North Bay OPP Reminding The Public To Remain Vigilant About Scams


The North Bay Detachment of the Ontario Provincial Police (OPP) is reminding the public to remain vigilant about scams. There are many schemes being used to defraud people and business. If you receive any unsolicited communication by any means asking for money to be given or that you won money, be cautious and suspicious.


Warning Signs – How to protect yourself

  • If you receive a suspicious phone call claiming to be from a family member in an emergency situation, hang up the phone and contact them directly on the number you have in your contact list.
  • If the caller claims to be a law enforcement official and asked you to pay a fine or bail, hang up and call your police directly
  • Listen to that inner voice that is screaming at you: “This doesn’t sound right”.
  • Be careful what you post online. Scammers can use details shared on social media platforms and dating sites for targeting purposes. Suspects can easily gather names and details about your loved ones
  • Be suspicious of telephone calls that require you to immediately take action and request bail money for a family member in distress
  • Be careful with caller ID numbers that look familiar. Scammers use technology to disguise the actual number they are calling from (spoof) and make it appear as a trusted phone number
  • If you receive an email or text message claiming to be from a friend or loved one asking for money, make the outgoing call to the person by looking up the legitimate phone number you have for them in your contact list.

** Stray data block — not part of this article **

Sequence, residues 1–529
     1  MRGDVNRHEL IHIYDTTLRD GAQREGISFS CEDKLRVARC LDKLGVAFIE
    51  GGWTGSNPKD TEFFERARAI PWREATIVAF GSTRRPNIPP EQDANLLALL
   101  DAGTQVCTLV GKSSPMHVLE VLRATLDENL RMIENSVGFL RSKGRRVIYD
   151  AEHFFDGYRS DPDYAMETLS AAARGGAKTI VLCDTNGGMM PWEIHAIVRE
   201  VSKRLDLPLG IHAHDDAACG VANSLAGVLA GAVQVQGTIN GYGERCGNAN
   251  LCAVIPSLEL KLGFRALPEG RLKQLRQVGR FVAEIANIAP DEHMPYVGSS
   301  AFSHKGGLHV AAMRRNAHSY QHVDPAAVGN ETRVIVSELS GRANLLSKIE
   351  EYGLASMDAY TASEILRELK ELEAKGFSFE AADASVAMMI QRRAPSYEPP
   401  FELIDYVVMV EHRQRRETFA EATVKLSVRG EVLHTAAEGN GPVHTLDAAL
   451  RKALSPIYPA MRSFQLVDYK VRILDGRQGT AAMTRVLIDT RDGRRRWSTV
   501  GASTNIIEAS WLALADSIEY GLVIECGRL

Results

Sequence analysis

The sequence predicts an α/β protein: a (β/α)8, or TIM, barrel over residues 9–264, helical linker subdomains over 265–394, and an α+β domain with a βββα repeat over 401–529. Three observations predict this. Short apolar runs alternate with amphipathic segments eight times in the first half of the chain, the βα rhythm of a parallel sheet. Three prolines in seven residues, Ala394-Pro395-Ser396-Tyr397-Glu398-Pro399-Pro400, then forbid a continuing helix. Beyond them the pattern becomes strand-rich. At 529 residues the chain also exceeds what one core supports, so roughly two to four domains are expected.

• Use unique and strong passwords for all social media and email accounts.

Some examples of types of scams;

  • Emergency scams, sometimes called grandparent scams, involve fraudsters contacting seniors or family members claiming that their grandchild or a loved one was in an accident, charged with an offence such as a “DUI” and drug offences or, and in some cases, is ill with COVID-19. Fraudsters will claim that they are law enforcement officials, lawyers and even impersonate the grandchild/loved one. They’ll proceed to advise the victim that a payment for bail or fine is required immediately in order for the family member to avoid going to jail.
  • Overpayment Scam – The scammer agrees to purchase something you are selling on-line. They send you a bank draft or cheque for more than your asking price. They ask you to deposit the draft or cheque and pay them back the difference. They are hoping you do this before your bank realizes the draft or cheque are fake.
  • Crypto Scam – The scammer convinces you to open a crypto trading account where they will convince you to deposit a small amount of money.  The scammer will then show a fake account indicating large gains on your initial investment and convince you to invest more. The scammer then advises you that you must pay fictional taxes or fees to access the funds. When the victim wants to withdraw the money, the scammer will often vanish. The scammers not only gain access to the victims deposited funds but also gains access to your mobile devices and computers to obtain your personal information as a result of downloading the trading app.
  • Romance Scam – scammers target vulnerable people who may be lonely and gain trust by creating a fictitious relationship. After time, they request money be sent to them for various reasons; sickness in family and can’t afford medication, surgery, airline ticket so you can finally meet, housing/rent money, etc. That person you are communicating with is NOT who they say they are.

Remember, any legitimate agency will NEVER request a payment by wire transfer, online currency such as bitcoin, pre-paid credit cards or pre-paid gift cards such as Google Play, iTunes, Vanilla, etc. Scammers will ask to purchase large denomination gift cards as form of payment. Also, they will ask to send cash, but hidden inside pages of a book, then box the book and wrap it in an excessive amount of packing tape.


If you do suspect you have been a victim of a fraud, contact your local police detachment. For more information on how you can protect yourself from fraudulent activities, please visit the Canadian Anti-Fraud Centre (CAFC) website at or by telephone at 1-888-495-8501.


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